Saracini was born to a noble family, probably in Siena. Little is known for certain about his education, but it is presumed that he traveled widely while he was young, for not only did he establish numerous foreign connections—as evidenced by his dedications of music to foreign aristocrats—but he absorbed some of the musical styles of the lands he visited. He seems never to have held a professional musical position of which record has survived; indeed he seems to have been an extraordinarily talented amateur, one who was admired even by Claudio Monteverdi. The references to Saracini as "Il Palusi" seem to indicate that he was a member of an academy, although further details are lacking.
All of his music was published in Venice between 1614 and 1624.
Music and influenceEdit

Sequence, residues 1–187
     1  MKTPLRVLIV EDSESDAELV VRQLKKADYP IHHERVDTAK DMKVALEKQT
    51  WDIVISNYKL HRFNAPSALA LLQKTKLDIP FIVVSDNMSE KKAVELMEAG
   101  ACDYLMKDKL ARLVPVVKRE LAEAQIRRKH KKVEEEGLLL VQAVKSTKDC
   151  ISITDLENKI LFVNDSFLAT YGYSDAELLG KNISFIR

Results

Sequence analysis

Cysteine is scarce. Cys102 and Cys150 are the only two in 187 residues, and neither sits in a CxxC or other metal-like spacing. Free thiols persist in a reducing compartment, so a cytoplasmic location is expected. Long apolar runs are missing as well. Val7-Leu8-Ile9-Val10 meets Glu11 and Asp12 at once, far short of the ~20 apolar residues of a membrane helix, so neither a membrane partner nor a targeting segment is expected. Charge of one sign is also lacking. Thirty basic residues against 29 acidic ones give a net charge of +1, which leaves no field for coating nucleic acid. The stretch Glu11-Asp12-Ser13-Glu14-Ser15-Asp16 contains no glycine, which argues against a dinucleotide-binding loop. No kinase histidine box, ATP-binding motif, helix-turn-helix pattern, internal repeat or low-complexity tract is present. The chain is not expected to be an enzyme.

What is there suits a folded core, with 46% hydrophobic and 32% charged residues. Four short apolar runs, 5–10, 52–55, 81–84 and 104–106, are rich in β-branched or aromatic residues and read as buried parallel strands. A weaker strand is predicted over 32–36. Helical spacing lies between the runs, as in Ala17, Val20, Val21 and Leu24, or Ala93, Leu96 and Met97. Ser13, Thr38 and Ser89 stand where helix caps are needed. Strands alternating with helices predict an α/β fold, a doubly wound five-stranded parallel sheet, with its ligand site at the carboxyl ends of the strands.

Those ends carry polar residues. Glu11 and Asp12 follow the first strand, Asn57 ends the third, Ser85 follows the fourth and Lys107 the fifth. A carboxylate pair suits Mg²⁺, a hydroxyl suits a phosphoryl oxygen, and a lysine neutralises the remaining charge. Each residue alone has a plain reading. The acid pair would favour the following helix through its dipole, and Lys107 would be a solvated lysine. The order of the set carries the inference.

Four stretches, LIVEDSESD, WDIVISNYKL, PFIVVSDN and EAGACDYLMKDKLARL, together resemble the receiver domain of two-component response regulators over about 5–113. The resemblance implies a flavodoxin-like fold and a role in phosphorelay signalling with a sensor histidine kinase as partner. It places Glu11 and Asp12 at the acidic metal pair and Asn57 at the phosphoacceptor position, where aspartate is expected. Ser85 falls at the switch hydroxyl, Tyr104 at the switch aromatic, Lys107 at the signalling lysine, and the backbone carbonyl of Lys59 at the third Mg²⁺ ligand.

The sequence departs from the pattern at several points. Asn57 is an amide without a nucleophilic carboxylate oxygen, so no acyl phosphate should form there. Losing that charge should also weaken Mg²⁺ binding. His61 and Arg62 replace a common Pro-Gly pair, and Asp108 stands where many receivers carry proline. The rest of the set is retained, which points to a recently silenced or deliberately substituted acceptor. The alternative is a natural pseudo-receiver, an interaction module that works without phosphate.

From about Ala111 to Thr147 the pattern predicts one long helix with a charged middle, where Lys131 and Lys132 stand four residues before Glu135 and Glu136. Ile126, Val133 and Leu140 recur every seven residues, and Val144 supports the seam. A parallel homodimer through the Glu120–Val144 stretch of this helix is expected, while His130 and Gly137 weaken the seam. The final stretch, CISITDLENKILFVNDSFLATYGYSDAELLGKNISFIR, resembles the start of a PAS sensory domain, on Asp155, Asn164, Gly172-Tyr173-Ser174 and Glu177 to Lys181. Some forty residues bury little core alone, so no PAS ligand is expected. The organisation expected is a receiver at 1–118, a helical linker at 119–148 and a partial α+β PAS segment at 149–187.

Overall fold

Of his music, 133 songs have survived, and all are monodies—secular compositions for solo voice, generally sung in a highly ornamented style, with instrumental accompaniment. All but one are in Italian, and encompass a wide range of texts, including serious, humorous, and erotic. His style varies from diatonic to chromatic, and is comparable to that of contemporary monodist Sigismondo d'India in its experimental qualities.
A unique feature of Saracini's compositions is the occasional influence of folk music, including that of the Balkans, an extreme rarity in early Italian Baroque music. Presumably he heard folk music in those regions when he traveled there during his youth. This influence is most evident in his strophic songs, one of which is in 5/4 (although actually notated in duple meter); asymmetrical meters are a normal feature of Balkan folk music but are absent in Italian.
Saracini's works have had a resurgence of interest in the 20th century, after a long period of neglect. His experimental idiom first attracted the attention of musicologists, and later, performers; his compositions are now recorded relatively frequently, often on collections containing works of other composers of the same era, such as Monteverdi or Alessandro Grandi.